Monday October 02, 2017

The powerful reminder B. Denham Jolly's memoir gave Donna Bailey Nurse

TNC columnist Donna Bailey Nurse reviews In the Black by B. Denham Jolly.

TNC columnist Donna Bailey Nurse reviews In the Black by B. Denham Jolly. (Donna Bailey Nurse/ECW Press)

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Born in Jamaica, B. Denham Jolly is an activist and media pioneer who came to Canada during the mid-1950s to go to university. His memoir, In the Black: My Life, follows his journey from teaching high school students to licensing a Black-owned radio station in Toronto.

The Next Chapter columnist Donna Bailey Nurse explains how Jolly's unique upbringing led him to social activism and how his memoir explores more than the contents of his life. 

Why he started a radio station 

"If you wanted to listen to Black music with any kind of regularity, you tuned into U.S.-based urban contemporary FM radio station WBLK, which was in Buffalo. And if you were a concert promoter and you wanted to advertise a local Black artist, you would actually have to run your ad on WBLK and Black people in Toronto would hear it. But on top of that, the mainstream stations — for the most part — would not run those ads. At that time, Jolly decided we needed a voice that would be more far-reaching than a local newspaper."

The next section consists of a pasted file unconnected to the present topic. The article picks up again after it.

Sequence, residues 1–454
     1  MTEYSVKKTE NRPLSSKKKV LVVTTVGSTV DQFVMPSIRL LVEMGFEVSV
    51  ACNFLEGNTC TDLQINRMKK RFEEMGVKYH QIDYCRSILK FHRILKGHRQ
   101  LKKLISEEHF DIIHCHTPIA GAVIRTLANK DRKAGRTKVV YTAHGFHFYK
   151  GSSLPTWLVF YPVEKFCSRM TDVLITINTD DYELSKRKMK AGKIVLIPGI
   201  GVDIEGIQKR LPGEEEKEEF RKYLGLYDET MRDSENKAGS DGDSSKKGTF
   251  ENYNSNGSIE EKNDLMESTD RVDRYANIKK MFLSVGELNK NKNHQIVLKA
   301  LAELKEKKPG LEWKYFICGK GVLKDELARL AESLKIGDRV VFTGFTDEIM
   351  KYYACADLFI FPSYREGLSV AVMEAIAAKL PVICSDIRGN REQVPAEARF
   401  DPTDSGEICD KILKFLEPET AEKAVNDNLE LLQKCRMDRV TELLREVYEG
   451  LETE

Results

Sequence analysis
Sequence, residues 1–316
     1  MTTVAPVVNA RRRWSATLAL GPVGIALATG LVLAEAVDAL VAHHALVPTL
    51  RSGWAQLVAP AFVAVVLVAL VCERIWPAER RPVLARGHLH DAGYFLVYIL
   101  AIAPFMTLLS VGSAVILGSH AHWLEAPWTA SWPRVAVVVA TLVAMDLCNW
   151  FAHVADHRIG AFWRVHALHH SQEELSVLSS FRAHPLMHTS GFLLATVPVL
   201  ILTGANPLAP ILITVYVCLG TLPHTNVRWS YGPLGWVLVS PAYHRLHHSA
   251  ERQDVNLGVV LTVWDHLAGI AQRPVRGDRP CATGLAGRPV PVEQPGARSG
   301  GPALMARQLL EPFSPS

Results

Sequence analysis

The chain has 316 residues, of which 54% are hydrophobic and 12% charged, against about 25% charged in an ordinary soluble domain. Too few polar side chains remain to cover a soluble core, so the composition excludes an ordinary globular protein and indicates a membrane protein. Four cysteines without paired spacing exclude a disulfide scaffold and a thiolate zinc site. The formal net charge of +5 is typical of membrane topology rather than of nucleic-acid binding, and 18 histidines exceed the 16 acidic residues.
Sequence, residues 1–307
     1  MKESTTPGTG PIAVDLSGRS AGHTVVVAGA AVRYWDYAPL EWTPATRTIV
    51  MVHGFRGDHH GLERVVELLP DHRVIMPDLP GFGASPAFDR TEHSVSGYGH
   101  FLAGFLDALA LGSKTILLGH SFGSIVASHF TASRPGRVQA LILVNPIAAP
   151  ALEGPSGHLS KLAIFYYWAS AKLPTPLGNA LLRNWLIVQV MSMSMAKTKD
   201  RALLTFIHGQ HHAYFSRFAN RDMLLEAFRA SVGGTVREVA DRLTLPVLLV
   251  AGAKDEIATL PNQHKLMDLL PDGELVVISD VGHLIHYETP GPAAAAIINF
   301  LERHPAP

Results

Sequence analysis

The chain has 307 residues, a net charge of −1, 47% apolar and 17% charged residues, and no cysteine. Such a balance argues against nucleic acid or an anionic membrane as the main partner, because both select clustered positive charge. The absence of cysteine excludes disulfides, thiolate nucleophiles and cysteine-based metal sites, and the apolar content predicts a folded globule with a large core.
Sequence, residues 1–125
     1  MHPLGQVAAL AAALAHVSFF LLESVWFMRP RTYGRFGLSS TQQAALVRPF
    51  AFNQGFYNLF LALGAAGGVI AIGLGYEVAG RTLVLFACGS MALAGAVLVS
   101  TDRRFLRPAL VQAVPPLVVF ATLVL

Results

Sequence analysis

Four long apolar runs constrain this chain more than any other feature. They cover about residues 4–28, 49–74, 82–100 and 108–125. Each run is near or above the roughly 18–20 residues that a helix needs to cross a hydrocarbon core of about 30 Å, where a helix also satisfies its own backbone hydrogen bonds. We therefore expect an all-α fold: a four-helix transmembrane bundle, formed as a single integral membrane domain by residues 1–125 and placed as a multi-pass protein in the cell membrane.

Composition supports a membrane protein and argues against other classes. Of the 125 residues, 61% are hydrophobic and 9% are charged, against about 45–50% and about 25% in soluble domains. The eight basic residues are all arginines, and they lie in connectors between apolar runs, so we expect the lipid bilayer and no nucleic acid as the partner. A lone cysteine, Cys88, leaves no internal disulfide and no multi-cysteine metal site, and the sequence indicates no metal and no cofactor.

When money meets generosity

"His father's name was Benjamin and he was quite an entrepreneur. In fact, he was such an entrepreneur that his nickname was 'Cappie' — short for capitalist. He drilled into Jolly two pieces of advice: try to be your own boss and always own property. Jolly's mom was the area's first Justice of the Peace. She was known for her exceptional generosity, which is a very big deal because in Jamaica generosity is the norm. To stand out is a really big deal. These qualities seem opposite — this love of money and this deep generosity — but they come together in Denham Jolly to shape his character. He becomes a man who always has his eye on a business opportunity, but he also becomes a great radical giver."

A powerful reminder

"Often, for me, the words 'rich' and 'powerful'  are not a compliment because so many people who have money use that power to do the wrong thing. With this book, I was reminded that money and power can come in handy when you want to do the right thing."

Donna Bailey Nurse's comments have been edited and condensed.